It had been a busy summer so far, and I worried that doing on a show on the Friday following the Fourth of July would be a bust. I shouldn’t have worried, not only did enough people show up to make it respectable, but they all took the “suggested” donation very literally. I had suggested $7, they all gave more. Which turned out to be a very good night for Two Cow Garage’s Shane Sweeney and his friend fellow Columbus musician Todd May. I hadn’t thought of it, so I was amused when a friend pointed out that I had a Sweeney Todd show tonight.
May definitely got the joke, asking playfully “Does anyone need a haircut?” at the end of his short opening set. Sweeney had bragged about May’s songwriting, and rightly so. His songs were smart, catchy, and sung with feeling. He has an everyman look about him which made his music even more disarming. Sweeney was happy to oblige when May called him up toward the end of his set for a song. Sweeney’s gravelly, Tom Waits-ish voice doesn’t play well with everyone (backing vocals for Franz Nicolai come to mind) but he and May sound great together.
The last time Sweeney had played the basement he’d had a late-night discussion, possibly alcohol fueled, with my sister. Two things came of that conversation, the first was that she really wanted to hear him play a Tom Waits song, the second was that he learned how much she hated Rod Stewart and he wanted to change her mind. While his voice bears no resemblance at all to the Scottish singer, it was the Stewart cover that was the more memorable. In fact it was pretty awesome. Sweeney is a sucker for lyrics and something about “You Wear It Well” resonated with him. Later that night he recited the words back to us, in case we hadn’t ever gotten its full meaning. He didn’t have to convince me, I like Stewart, even if that particular song reminded me more of the cheesy 70’s radio of my childhood than it did of its author’s songwriting brilliance. It was an inspired choice, and May demanded that he sing it every night the rest of the tour.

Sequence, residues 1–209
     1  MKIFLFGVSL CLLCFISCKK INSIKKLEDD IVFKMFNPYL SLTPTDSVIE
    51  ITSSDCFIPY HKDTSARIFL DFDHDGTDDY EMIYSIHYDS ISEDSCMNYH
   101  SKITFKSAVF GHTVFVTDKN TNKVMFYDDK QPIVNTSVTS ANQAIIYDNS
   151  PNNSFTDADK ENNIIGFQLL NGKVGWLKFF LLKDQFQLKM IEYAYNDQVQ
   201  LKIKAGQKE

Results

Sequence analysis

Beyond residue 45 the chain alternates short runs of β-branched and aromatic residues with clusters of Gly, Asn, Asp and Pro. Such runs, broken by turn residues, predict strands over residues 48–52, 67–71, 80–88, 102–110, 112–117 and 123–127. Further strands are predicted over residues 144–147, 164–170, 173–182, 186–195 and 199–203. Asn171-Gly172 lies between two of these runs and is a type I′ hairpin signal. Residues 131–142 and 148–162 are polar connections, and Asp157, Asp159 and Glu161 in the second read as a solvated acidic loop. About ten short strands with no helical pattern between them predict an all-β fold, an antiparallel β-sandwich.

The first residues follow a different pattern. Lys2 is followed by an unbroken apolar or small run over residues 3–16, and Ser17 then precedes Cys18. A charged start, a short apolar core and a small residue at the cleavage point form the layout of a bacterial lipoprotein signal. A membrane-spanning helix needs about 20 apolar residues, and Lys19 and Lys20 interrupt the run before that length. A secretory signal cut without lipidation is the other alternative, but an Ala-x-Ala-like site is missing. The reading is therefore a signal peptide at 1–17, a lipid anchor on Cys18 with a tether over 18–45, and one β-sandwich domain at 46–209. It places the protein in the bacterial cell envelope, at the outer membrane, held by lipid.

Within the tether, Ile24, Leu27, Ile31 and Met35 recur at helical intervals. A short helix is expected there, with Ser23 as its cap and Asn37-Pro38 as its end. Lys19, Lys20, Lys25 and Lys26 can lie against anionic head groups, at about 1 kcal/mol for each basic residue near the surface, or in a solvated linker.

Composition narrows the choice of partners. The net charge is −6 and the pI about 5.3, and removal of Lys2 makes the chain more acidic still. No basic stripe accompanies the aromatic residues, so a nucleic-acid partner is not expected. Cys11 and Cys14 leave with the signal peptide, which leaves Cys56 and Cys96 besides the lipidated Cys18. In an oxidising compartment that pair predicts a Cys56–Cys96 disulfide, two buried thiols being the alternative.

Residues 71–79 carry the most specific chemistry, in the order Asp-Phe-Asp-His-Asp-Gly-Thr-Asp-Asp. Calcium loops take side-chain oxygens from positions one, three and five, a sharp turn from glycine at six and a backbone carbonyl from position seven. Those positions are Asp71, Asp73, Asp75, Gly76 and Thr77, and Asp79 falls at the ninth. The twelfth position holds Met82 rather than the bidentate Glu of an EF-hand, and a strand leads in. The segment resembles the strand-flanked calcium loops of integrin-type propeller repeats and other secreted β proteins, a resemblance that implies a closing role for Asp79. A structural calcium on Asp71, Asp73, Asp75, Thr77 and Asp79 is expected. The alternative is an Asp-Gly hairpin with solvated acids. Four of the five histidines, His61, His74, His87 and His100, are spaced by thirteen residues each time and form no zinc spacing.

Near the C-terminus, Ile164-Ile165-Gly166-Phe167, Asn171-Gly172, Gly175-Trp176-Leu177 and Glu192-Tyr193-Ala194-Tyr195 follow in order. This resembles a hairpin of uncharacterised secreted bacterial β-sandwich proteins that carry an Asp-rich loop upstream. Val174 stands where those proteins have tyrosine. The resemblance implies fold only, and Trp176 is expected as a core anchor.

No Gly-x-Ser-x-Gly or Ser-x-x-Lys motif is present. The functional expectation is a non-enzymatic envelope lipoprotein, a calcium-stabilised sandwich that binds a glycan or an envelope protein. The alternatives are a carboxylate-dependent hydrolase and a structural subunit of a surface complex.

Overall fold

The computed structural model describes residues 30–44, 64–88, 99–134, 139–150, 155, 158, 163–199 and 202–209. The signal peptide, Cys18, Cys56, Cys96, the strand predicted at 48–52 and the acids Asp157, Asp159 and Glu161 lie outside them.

Of course there was plenty of Sweeney’s original material in the set, much of it from his first solo record which had been released late last year. The record is a good one, full of his wry observations powered by his distinctive voice, but the first song I ever heard him sing will always be my favorite. It was my first trip to Twangfest, we were early for Robbie Fulks instore performance at Euclid Records, and we caught most of the set by three quiet boys, two of them hunched over acoustic guitars. It was hard to believe that the quiet brilliance of “Saturday Night,” a heartbreakingly honest song about relationships, came from the same band that exploded onstage later that night. I still get a little choked up every time I hear it, and Sweeney is always good enough to play it for me even though he seldom does it live anymore.
Yep, Sweeney is a pretty special performer. I don’t know why I was worried, even if it had been just me and two friends in the basement he would have given the same amazing show.